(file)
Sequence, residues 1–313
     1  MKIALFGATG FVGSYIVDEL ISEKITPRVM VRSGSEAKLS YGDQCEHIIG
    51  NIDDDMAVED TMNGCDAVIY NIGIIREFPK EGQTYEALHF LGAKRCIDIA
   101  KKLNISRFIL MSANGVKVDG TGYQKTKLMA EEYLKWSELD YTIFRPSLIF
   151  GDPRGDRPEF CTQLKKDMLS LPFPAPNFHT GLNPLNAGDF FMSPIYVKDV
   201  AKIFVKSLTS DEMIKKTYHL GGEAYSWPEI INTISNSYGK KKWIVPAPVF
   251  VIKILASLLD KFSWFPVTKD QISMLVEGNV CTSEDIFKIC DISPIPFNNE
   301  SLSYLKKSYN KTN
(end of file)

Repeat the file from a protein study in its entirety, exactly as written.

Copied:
Sequence, residues 1–313
     1  MKIALFGATG FVGSYIVDEL ISEKITPRVM VRSGSEAKLS YGDQCEHIIG
    51  NIDDDMAVED TMNGCDAVIY NIGIIREFPK EGQTYEALHF LGAKRCIDIA
   101  KKLNISRFIL MSANGVKVDG TGYQKTKLMA EEYLKWSELD YTIFRPSLIF
   151  GDPRGDRPEF CTQLKKDMLS LPFPAPNFHT GLNPLNAGDF FMSPIYVKDV
   201  AKIFVKSLTS DEMIKKTYHL GGEAYSWPEI INTISNSYGK KKWIVPAPVF
   251  VIKILASLLD KFSWFPVTKD QISMLVEGNV CTSEDIFKIC DISPIPFNNE
   301  SLSYLKKSYN KTN